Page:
According to the report, artillery, mortars, tanks and small arms were used against Ukrainian positions near Avdeyevka, Opytnoye, Peski, Vodyanoye, Verkhnetorestkoye, Vesyolovka Druga, Novolaspa, Starognatovka and also Schastye, in the Lugansk region.
After midnight, Russian-backed fighters reportedly shelled Peski, Granitnoye and Avdeyevka with 120 mm mortars.
Interfax-Ukraine reports that the governor of the Lugansk region, Hennadiy Moskal, claimed that Stanitsa Luganskaya had been shelled with mortars overnight, causing a blackout after power lines were damaged.
The governor’s office also reported strikes damaging water tanks east of Krymskoye.
— Pierre Vaux
NATO Secretary-General Jens Stoltenberg said today that he told Russien Foreign Minister Sergei Lavrov that Russia needs to end its support for the rebels in eastern Ukraine. RFE/RL reports:
Stoltenberg spoke in Brussels on May 19 after holding talks with Lavrov on the sidelines of the annual session of the Council of Europe’s Committee of Ministers.
He also told reporters he had informed Lavrov that he was concerned about the large number of military exercises carried out by Russia at short notice.
“We also discussed the need for transparency, especially when we have an increased military presence along our borders.” He said. “For NATO it is important to do whatever we can to avoid that incidents are spiraling out of control.”
Stoltenberg was likely wasting his breath. The Russian government not only continues to deny that it has any soldiers in eastern Ukraine, it continues to distort key parts of the narrative on the crisis. Take, for instance, these tweets sent today by the Russian Ministry of Foreign Affairs:
The MFA here is highlighting crimes it says were conducted by those who support the current government while simultaneously ignoring those committed by the separatists and the Russian soldiers who are supporting them.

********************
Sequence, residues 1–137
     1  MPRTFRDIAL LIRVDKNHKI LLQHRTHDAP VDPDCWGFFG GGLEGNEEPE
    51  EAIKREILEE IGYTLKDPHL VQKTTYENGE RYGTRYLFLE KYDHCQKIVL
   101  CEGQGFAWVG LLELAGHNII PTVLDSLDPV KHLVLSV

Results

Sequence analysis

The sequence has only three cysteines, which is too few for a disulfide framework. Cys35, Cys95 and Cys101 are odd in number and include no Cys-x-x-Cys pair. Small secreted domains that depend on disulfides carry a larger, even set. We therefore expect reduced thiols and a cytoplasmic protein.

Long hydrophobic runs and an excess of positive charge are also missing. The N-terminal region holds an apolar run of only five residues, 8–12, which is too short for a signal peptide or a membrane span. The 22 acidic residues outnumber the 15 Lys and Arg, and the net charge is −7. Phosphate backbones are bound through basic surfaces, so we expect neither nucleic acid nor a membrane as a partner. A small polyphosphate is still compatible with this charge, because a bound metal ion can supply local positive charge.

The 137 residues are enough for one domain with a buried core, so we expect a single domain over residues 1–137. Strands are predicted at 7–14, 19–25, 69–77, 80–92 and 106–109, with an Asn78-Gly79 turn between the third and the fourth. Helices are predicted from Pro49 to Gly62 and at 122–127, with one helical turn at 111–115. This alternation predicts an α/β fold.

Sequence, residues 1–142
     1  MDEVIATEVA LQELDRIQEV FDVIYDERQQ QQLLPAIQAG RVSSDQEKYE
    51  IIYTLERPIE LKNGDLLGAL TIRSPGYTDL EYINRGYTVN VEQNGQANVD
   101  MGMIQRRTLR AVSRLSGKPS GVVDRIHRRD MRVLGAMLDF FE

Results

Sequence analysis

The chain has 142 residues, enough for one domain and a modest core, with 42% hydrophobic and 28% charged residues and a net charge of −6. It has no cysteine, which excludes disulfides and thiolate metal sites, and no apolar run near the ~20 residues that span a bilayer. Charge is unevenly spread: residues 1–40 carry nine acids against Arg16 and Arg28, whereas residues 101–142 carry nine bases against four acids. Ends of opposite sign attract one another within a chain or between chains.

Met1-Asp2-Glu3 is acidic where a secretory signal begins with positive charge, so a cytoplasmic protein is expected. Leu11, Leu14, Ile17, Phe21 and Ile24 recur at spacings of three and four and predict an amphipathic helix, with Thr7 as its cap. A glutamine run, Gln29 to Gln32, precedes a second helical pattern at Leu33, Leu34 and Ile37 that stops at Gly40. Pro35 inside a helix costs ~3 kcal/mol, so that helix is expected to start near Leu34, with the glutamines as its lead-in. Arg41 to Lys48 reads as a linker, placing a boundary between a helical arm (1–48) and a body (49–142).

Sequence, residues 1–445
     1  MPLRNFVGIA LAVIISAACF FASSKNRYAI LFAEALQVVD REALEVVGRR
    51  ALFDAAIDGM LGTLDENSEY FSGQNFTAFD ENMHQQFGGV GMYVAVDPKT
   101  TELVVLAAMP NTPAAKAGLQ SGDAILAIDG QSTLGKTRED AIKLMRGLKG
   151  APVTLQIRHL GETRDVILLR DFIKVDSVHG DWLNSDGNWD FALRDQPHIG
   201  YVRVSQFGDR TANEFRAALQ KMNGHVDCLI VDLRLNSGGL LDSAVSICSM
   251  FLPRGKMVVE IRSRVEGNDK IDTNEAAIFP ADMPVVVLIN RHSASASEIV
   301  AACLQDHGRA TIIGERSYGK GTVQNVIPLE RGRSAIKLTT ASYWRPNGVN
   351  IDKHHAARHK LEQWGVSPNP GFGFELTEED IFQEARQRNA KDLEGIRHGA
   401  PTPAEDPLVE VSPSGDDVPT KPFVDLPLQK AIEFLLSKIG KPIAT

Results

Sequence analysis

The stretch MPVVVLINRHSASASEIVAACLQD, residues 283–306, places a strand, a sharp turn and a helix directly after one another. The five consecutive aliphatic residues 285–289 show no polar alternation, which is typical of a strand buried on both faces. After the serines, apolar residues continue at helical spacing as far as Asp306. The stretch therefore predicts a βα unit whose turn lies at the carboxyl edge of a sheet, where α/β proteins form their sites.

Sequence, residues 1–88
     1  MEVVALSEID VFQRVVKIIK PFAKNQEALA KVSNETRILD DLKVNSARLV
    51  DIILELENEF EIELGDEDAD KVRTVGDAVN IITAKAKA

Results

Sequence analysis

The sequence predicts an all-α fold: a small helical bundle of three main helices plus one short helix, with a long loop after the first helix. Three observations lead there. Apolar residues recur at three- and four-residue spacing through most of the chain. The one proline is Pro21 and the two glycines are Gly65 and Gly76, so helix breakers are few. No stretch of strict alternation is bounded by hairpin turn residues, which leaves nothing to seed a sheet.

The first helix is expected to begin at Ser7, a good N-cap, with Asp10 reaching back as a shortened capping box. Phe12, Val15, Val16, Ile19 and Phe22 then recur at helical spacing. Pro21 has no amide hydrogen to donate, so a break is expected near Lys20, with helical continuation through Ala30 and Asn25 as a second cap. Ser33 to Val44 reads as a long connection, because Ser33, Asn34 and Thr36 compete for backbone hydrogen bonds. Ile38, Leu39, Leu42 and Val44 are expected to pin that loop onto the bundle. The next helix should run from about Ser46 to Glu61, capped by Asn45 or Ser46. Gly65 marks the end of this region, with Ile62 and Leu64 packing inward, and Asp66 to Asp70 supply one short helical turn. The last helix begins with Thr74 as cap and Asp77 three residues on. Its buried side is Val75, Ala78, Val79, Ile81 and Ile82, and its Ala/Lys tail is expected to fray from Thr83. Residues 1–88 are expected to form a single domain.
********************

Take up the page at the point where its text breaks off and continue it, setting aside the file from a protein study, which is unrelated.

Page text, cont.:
But the last part about constitutional reform is perhaps the biggest distortion. Both Minsk agreements, the one signed in September and the most recent one signed in February, call for the regions of Donetsk and Lugansk to hold their own elections according to Ukrainian law. The separatists have refused to do so, thus denying themselves any representation in Kiev. Furthermore, the separatist leaders, most notably Alexander Zakharchenko, the self-declared head of the “Donetsk People’s Republic,” continue to belligerently maintain that they do not want reconciliation with Ukraine (they’re called separatists for a reason). Zakharchenko could not have been any more clear about this than in a recent interview with Vice News where he called for the restoration of the Soviet Union and said that 95% of his populace did not want to rejoin Ukraine.
The deadline to receive the next tranche of funding from the International Monetary Fund (IMF) is June 15, but Ukraine is still struggling to renegotiate some of its debt with certain international creditors. Now, the Verkhovna Rada is seeking the ability to freeze debt payments entirely. Bloomberg reports: